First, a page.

Bailey: TRANSFER OF PUBLIC LANDS. I can’t say it loudly enough. The big push out West is to sell off public lands. As a sportsmen who as a young man lost miles of river access, trust me when I tell you that we need to keep public lands in OUR HANDS!

TRCP: What has been your most memorable hunt? What’s still on your bucket list?

Bailey: My most memorable hunt was in the Ochoco National Forest in Central Oregon. It was a youth hunt and I had all three of my boys with me. My two youngest stayed with me as we pushed a draw for the oldest.  I’ll never forget trying to get my youngest to silence the BBs that were sloshing around in his Red Ryder BB gun as we made our push.  The plan worked perfectly. We ran two cows right to my oldest, and he quickly harvested one of them. What a great day all the boys had providing for the family!

Bailey packing out elk quarters, a sign of success on public lands. Image courtesy of Nathan Bailey.

TRCP: Where can we find you this fall?

Bailey: I will be chasing wild elk through the cascade wilderness, swinging the Rogue for an elusive steelhead, waiting out a wily blacktail in a gnarled old oak tree, or whispering sweet nothings to a flock of mallards over a set of decoys in the Klamath Basin. It’s a blessing to live in Southern Oregon and have access to its abundant wild lands, and with the help of the TRCP, we can preserve our outdoor heritage to keep it that way.

Dani Dagan

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posted in: General

September 23, 2016

Celebrate National Public Lands Day by Showing the Land Some Love

This Saturday, September 24, is a day for celebrating our heritage – and you can join in by giving back

I love being outside, and I’m guessing that if you’ve found your way to this blog, then you do too. I am happy to live in Washington, DC, because it means I get to work at the TRCP, spending my days fighting for conservation and ensuring that that 640 million acres of public land remain public and remain accessible. However, lately, I’ve been neglecting my need to see the sky, smell the trees, and get my hands dirty. Sportsmen have a long history of getting their hands dirty – literally and figuratively – for conservation, and sometimes I just need to get out there and the work with my own two hands.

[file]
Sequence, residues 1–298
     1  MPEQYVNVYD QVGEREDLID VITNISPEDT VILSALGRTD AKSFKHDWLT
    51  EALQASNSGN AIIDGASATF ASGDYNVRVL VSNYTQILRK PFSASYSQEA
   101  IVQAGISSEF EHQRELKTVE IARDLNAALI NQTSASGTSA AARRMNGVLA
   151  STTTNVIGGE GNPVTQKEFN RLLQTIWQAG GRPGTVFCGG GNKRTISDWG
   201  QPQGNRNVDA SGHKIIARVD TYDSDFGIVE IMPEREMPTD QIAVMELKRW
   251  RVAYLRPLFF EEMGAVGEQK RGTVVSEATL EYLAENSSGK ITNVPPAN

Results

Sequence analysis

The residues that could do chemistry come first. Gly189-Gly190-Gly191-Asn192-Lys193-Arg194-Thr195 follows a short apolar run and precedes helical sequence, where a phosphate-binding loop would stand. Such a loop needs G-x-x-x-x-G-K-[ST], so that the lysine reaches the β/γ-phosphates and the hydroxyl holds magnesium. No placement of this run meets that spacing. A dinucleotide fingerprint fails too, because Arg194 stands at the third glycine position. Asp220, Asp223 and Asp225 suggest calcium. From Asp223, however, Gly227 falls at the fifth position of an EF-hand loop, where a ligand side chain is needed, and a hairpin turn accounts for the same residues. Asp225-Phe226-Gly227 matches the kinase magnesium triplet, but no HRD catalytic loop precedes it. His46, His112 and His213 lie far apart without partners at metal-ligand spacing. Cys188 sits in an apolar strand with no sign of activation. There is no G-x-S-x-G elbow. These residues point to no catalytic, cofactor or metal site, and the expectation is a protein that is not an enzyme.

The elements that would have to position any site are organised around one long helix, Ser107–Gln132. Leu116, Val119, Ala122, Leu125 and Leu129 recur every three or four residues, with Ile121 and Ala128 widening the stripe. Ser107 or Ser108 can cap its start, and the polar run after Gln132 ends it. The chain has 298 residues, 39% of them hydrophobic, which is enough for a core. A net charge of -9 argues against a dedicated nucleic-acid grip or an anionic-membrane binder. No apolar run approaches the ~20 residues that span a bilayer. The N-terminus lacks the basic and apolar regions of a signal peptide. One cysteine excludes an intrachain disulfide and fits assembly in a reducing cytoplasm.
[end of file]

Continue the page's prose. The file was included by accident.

This Saturday, Sept 24, I’m going to get my on-the-ground fix – and you can too. In celebration of National Public Lands Day, parks, recreation areas, and more are hosting volunteer events all over the country. Additionally, if you’re in the Wyoming area, consider joining us at a Public Lands Day Celebration in Laramie.

Here are a few examples of Public Lands Day volunteer opportunities, in case you want to join me in celebrating our sporting heritage by taking care of our favorite spaces. Don’t see an event for your area listed here? Check in with your nearby public land agency and find events or start by browsing Find Your Park to find a spot near you.

Mammoth Hot Springs, Yellowstone National Park. Photo courtesy of Dani Dagan.

Click here for more information on National Public Lands Day. Whether or not you get your hands dirty this Saturday, take the future of our public lands into your hands by signing the Sportsmen’s Access petition.